This month, a study published in the preeminent scientific journal Nature linked the extinction of dozens of amphibian species in Central and South America to global warming.  The study shows how climate change has contributed to ideal conditions for growth of the chytrid fungus, a disease which kills frogs by growing on their skin and attacking their epidermis and teeth, as well as by releasing a toxin.  Seventy-four of the 110 species of brightly colored harlequin frogs of the genus Atelopus have disappeared in the past 20 years due to spread of the fungus. 

The significance of the study is that global warming is not some future theoretical threat to Earth's biodiversity, but rather is already responsible for one of the largest vertebrate extinction events in the past 100 years.  Harlequin frogs may be among the first modern extinctions linked to global warming, but unfortunately, absent major reductions in greenhouse gas emissions they will not be the last.  A study published in 2004 in the journal Nature projected that approximately 35 percent of species could be committed to extinction by 2050 under a high climate-warming scenario, and that even under a minimal climate-warming scenario, the percentage of species committed to extinction is still 18 percent.

New research published since the Center submitted a petition to protect the polar bear under the Endangered Species Act has reinforced predictions of the impacts of global warming on the bear's Arctic habitat.  New findings show that the Arctic may already be on a trajectory towards a summer ice-free, "super interglacial" state that has not existed for at least a million years.   There appear to be no feedback processes in the Arctic system capable of altering this trajectory towards dramatically less permanent ice than at present.  Large decreases in winter sea-ice extent in the Arctic have also been documented.  The wintertime trend alone is now approaching sea ice reductions of 3 percent per decade.  In addition, a new record minimum sea-ice extent was recorded in September 2005, further supporting the conclusion that Arctic sea ice is likely on an accelerating, long-term decline.  The continuation of current rates of decline would leave the Arctic ice-free in the summertime well before the end of this century.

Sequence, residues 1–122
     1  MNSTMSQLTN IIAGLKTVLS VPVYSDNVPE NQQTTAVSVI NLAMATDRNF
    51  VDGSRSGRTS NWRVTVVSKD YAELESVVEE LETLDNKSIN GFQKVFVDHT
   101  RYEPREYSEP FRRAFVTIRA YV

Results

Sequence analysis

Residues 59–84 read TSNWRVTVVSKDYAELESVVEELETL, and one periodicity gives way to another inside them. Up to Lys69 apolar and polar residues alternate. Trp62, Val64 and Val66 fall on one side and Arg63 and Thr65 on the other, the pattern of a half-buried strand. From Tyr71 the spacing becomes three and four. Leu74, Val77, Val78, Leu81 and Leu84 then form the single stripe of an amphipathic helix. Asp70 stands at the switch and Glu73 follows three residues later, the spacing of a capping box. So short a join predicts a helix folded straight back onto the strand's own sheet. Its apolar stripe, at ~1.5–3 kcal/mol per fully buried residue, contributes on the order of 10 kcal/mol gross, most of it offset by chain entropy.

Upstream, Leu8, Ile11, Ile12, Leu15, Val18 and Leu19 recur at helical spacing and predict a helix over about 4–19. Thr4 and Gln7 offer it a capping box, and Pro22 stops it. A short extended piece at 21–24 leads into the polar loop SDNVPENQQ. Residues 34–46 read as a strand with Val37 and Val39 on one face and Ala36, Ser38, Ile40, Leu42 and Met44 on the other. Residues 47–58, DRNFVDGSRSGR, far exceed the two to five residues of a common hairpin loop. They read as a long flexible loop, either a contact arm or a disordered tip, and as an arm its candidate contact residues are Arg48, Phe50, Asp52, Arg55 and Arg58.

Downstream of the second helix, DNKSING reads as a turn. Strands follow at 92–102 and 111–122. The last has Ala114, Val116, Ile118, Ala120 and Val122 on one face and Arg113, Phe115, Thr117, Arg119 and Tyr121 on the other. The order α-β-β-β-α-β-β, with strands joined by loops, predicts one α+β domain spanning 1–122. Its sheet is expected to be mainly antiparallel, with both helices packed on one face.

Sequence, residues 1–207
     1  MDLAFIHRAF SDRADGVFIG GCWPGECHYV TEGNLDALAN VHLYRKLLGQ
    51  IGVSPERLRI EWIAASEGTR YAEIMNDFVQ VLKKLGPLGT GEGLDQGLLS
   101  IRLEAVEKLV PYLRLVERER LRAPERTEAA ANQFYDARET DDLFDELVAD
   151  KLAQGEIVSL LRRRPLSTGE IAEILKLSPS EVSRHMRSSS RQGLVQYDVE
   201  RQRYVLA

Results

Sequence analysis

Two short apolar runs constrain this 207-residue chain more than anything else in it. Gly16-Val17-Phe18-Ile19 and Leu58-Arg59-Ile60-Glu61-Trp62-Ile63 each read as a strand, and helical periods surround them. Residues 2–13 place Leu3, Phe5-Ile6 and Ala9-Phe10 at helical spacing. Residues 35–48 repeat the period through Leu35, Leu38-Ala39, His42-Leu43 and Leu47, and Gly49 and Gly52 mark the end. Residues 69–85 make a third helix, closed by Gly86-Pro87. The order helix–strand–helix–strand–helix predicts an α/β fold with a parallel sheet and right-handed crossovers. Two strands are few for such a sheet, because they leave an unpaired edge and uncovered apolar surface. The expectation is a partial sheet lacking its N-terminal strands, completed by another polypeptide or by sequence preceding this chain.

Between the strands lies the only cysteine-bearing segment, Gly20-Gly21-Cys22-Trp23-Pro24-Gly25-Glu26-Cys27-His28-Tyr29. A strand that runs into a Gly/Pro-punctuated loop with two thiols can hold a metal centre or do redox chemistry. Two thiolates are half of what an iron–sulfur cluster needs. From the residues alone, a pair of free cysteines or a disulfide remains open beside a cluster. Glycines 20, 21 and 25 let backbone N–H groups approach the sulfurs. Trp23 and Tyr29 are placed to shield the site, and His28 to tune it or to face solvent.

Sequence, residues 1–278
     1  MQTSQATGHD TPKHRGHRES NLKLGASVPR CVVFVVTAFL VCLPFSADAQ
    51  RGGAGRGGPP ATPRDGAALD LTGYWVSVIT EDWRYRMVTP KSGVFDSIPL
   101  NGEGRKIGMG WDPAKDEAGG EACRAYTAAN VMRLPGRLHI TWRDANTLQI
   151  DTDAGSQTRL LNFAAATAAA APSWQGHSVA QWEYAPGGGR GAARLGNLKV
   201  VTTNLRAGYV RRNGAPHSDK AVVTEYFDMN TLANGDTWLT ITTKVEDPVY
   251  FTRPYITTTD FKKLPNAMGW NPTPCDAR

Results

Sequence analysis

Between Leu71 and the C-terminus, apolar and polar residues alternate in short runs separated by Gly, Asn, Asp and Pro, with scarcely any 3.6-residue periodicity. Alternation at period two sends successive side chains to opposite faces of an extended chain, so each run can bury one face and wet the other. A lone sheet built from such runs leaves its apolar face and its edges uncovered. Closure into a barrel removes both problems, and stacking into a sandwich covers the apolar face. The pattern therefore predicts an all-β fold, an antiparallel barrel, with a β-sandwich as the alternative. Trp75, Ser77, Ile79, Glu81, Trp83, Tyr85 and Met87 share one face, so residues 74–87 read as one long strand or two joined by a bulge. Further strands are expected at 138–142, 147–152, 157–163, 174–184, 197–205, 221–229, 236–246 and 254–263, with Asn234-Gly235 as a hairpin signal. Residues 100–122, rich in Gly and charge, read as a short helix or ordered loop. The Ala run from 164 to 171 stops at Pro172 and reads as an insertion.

And as with the extinction of the harlequin frogs, the impacts of global warming on the polar bear are not limited to projections for the future; these impacts have arrived and are already affecting individuals and populations.  A study released in 2005 by the U.S. Minerals Management Service shows that reduced sea ice is increasing polar bear drowning deaths. Researchers documented the drowning deaths of at least four polar bears in September 2004, when the sea ice was a record 160 miles off the north coast of Alaska.  As the survey covered only 10 percent of the area, the number of actual polar bear deaths may be an order of magnitude higher.  Other research has documented population level effects of global warming on polar bears, with the Western Hudson Bay population in Canada declining by approximately 14 percent since 1995.

Stunning research results like these, as well as in other areas – such as the impact global warming on human health and the economy – are garnering increasing media attention, and awareness of the magnitude of the global warming threat is growing.  The Center's work to protect polar bears has been featured in the local and national television and print media and is contributing to this growing awareness.  The Center's Climate, Air and Energy program will work hard to make 2006 a watershed year in which this dawning awareness is translated into meaningful action to curb U.S. greenhouse gas emissions.

Scientific Articles Mentioned:

Meier, W., J. et al.  2005.  Reductions in arctic sea ice cover no longer limited to summer.  Eos Vol. 86, No. 36: 326-237.

Monnett, C., et al.  2005.  Potential effects of diminished sea ice on open-water swimming, mortality, and distribution of polar bears during fall in the Alaskan Beaufort Sea.  Scientific Poster presented at the Society for Marine Mammalogy 16th Biennial Conference on the Biology of Marine Mammals, December 12-16, 2005.

National Snow and Ice Data Center (NSIDC).  2005.  Sea ice decline intensifies.  Joint press release from the National Snow and Ice Data Center, NASA, and the University of Washington.  Boulder, CO.  September 28, 2005.

Overpeck, J.T., et al.  2005.  Arctic system on trajectory to new, seasonally ice-free state.  Eos Vol. 86, No. 34:309-316.

Polar Bear Specialist Group ("PBSG").  2005.  PRESS RELEASE.  14th Meeting of the IUCN/SSC Polar Bear Specialist Group.  Seattle, Washington, USA.

Pounds, J.A., et al.  2006. Widespread amphibian extinctions from epidemic disease driven by global warming    Nature 439: 161-167.  January 12, 2006.

Thomas, C.D. et al. 2004.  Extinction risk from climate change.  Nature 427:145-148.  January 8, 2004.

Learn more about how the Center works to reduce U.S. greenhouse gas emissions and protect species from global warming on the Center's Climate, Air, and Energy homepage.